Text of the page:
After a while, your database engine may fill up with unused test
       databases.

       All drivers store their mapping information in the system's temporary
       directory, so the mapping information is	relatively volatile, which
       implies more unused test	databases (at least for	non file-based
       drivers,	since the file-based drivers store their database files	in the
       system's	temporary directory too).

       The following one-liner will list all the existing databases that were
       created by Test::Database in your configured drivers:

	   perl	-MTest::Database -le 'print join "\n  ", $_->name, $_->databases for Test::Database->drivers'

       Example output:

	   CSV
	     tdd_csv_book_0
	     tdd_csv_book_1
	   DBM
	   SQLite
	     tdd_sqlite_book_0
	     tdd_sqlite_book_1
	   SQLite2
	     tdd_sqlite2_book_0
	   mysql
	     tdd_mysql_book_0
	     tdd_mysql_book_1

       The following one-liner will drop them all:

	   perl	-MTest::Database -le 'for$d(Test::Database->drivers){$d->drop_database($_)for$d->databases}'

       If a "key" has been defined in the configuration, only the databases
       corresponding to	that key will be dropped.

ADDING SUPPORT FOR A NEW DATABASE ENGINE
       Test::Database currently	supports the following DBD drivers: "CSV",
       "DBM", "mysql", "Pg", "SQLite2",	"SQLite".

       Adding a	new driver requires writing a corresponding
       Test::Database::Driver subclass,	having the same	name as	the original
       "DBD" driver.

       An example module is provided in	eg/MyDriver.pm,	and the	other drivers
       can also	be used	as an example. See also	the WRITING A DRIVER FOR YOUR
       DATABASE	OF CHOICE section in the documentation for
       Test::Database::Driver.

WHERE DO DSN COME FROM?
       The following ASCII-art graph shows where the Test::Database::Handle
       objects returned	by the "handles()" method come from:

	   ,-------------,	,-------------,	     ,--------------,
	   |   DSN from	 |	| File-based  |	     | Drivers from |
	   | config file |	|   drivers   |	     |	config file |
	   '-------------'	'-------------'	     '--------------'
		  |		      |			     |
		  |		      |	   ,-----------,     |
		  |		      '--->| Available |<----'
		  |			   |  drivers  |
		  |			   '-----------'
		  |				 |
		  |		 ,-----------,	 |
		  '------------->| Available |<--'
				 |    DSN    |
				 '-----------'

       Here are	a few details about the	"handles()" method works:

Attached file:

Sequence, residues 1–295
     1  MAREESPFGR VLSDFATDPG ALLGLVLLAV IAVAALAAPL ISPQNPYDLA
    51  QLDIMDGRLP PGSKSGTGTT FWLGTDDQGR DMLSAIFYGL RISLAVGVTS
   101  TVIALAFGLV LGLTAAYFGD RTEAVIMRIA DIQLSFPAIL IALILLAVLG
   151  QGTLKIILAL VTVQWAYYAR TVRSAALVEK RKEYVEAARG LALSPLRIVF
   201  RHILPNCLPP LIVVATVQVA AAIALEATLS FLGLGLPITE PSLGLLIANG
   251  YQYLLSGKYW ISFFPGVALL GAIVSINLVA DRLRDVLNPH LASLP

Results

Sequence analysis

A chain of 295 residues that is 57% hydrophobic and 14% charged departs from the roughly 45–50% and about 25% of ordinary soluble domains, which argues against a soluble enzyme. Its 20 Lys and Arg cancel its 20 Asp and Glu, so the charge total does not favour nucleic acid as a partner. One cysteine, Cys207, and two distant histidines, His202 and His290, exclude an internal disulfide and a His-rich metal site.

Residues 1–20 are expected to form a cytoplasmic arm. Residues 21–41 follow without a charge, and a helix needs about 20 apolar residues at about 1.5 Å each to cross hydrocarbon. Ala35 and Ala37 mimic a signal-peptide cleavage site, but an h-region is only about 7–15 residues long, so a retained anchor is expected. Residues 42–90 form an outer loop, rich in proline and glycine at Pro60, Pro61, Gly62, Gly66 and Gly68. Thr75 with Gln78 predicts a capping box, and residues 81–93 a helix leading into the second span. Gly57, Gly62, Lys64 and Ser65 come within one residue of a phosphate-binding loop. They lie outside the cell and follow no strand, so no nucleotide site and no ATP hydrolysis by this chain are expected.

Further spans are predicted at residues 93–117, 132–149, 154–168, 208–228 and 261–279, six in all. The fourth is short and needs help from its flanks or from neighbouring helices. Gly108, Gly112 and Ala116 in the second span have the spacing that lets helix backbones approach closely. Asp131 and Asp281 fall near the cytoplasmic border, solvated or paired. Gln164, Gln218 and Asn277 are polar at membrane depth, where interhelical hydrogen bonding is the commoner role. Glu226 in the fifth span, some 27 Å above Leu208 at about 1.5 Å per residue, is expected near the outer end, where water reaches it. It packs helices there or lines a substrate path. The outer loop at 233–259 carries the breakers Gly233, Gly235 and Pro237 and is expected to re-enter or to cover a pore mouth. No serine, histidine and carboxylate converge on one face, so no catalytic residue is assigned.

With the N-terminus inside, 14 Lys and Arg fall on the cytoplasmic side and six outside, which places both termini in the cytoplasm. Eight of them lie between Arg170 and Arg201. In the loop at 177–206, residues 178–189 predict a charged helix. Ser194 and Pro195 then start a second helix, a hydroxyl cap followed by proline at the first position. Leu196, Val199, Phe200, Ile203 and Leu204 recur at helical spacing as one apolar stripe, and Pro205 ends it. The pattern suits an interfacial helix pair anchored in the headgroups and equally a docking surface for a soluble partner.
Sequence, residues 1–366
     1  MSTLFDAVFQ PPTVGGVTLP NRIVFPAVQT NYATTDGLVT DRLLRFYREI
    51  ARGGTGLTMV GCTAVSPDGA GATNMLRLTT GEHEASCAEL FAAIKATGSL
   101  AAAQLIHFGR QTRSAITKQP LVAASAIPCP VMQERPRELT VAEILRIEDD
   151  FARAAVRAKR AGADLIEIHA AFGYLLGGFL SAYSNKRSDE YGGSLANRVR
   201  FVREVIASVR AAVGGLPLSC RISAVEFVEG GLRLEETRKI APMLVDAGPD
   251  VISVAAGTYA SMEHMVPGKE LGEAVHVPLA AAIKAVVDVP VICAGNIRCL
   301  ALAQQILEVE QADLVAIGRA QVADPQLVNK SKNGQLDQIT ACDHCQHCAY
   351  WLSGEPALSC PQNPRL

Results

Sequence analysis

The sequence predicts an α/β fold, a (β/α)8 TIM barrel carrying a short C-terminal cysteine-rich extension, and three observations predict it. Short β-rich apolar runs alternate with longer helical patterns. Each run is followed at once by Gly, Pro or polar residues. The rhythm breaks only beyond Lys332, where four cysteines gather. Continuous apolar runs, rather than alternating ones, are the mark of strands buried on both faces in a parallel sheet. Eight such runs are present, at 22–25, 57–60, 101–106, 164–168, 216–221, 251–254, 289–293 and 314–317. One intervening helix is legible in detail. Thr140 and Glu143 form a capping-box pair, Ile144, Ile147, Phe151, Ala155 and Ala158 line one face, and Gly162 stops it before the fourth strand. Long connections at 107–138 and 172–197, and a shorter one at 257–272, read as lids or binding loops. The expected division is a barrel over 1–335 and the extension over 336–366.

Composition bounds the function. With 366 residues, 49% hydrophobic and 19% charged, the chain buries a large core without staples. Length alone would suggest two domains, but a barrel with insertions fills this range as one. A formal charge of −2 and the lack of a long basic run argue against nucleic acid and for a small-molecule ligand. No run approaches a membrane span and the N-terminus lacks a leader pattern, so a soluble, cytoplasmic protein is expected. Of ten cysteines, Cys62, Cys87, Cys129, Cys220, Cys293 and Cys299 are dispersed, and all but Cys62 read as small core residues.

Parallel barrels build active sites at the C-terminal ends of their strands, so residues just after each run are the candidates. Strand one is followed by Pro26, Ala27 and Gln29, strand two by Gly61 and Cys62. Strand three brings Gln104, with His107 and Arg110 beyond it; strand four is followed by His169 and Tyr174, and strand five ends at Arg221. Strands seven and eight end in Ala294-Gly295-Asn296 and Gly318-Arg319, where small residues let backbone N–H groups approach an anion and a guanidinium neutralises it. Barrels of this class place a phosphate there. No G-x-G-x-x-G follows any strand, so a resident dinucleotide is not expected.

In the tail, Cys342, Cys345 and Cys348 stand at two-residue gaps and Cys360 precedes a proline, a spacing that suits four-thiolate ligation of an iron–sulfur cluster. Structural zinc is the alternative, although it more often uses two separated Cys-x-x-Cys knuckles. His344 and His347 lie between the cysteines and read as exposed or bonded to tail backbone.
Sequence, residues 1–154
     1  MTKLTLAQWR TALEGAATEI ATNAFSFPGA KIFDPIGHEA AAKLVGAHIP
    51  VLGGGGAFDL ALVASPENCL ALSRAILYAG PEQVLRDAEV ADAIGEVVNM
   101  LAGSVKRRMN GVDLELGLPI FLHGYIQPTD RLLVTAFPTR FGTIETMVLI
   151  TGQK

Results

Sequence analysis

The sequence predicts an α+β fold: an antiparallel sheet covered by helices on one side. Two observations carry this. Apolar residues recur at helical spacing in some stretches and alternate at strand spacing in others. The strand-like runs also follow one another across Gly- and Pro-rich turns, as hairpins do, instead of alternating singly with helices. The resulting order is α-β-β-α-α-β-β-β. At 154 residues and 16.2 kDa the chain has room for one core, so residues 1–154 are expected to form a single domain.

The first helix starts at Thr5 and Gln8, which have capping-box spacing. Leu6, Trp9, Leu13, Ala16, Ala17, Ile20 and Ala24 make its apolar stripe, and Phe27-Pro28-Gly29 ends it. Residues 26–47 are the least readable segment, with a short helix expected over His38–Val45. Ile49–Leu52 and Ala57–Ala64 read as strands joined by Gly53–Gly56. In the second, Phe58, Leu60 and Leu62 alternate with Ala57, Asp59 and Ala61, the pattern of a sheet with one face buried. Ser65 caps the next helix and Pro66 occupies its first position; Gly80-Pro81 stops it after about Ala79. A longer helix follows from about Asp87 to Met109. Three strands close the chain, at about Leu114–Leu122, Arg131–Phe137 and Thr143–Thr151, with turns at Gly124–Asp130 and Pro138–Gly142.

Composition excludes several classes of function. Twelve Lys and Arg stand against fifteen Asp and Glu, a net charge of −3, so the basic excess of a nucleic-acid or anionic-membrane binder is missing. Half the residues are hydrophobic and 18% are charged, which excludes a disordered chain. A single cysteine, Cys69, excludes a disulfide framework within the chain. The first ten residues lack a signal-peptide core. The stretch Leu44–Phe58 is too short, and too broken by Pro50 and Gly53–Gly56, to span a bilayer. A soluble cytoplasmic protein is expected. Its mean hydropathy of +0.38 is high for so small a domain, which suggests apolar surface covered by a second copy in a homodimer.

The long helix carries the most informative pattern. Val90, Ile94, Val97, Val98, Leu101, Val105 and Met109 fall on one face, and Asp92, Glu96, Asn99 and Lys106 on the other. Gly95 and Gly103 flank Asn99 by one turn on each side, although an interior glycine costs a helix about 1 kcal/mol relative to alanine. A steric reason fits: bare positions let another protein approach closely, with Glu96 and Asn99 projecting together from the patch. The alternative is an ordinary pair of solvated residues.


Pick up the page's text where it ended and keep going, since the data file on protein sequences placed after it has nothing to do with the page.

o   Test::Database maintains a list of Test::Database::Handle objects
	   computed from the DSN listed	in the configuration.

	   The handles matching	the request are	selected.

       o   Test::Database also maintains a list	of Test::Database::Driver
	   objects computed from the list of supported file-based drivers that
	   are locally available and from the list in the configuration	file.

	   The list of matching	drivers	is computed from the requests.	Each
	   driver is then requested to provide an existing database (using its
	   existing mapping information) or to create one if needed, and
	   returns the corresponding Test::Database::Handle objects.

       o   Finally, all	the collected Test::Database::Handle objects are
	   returned.

       So, without any configuration, Test::Database will only be able to
       provide file-based databases. It	is also	recommended to not put DSN or
       driver information for the file-based database engines that have	a
       corresponding Test::Database::Driver class, since it will cause
       "handles()" to return several handles for the same database engine.

AUTHOR
       Philippe	Bruhat (BooK), "<book@cpan.org>"

COPYRIGHT
       Copyright 2009-2010 Philippe Bruhat (BooK), all rights reserved.

LICENSE
       You can redistribute this tutorial and/or modify	it under the same
       terms as	Perl itself.

perl v5.32.1			  2014-05-24	   Test::Database::Tutorial(3)

NAME | INTRODUCTION | MODULE AND TEST AUTHOR | CPAN TESTER | ADDING SUPPORT FOR A NEW DATABASE ENGINE | WHERE DO DSN COME FROM? | AUTHOR | COPYRIGHT | LICENSE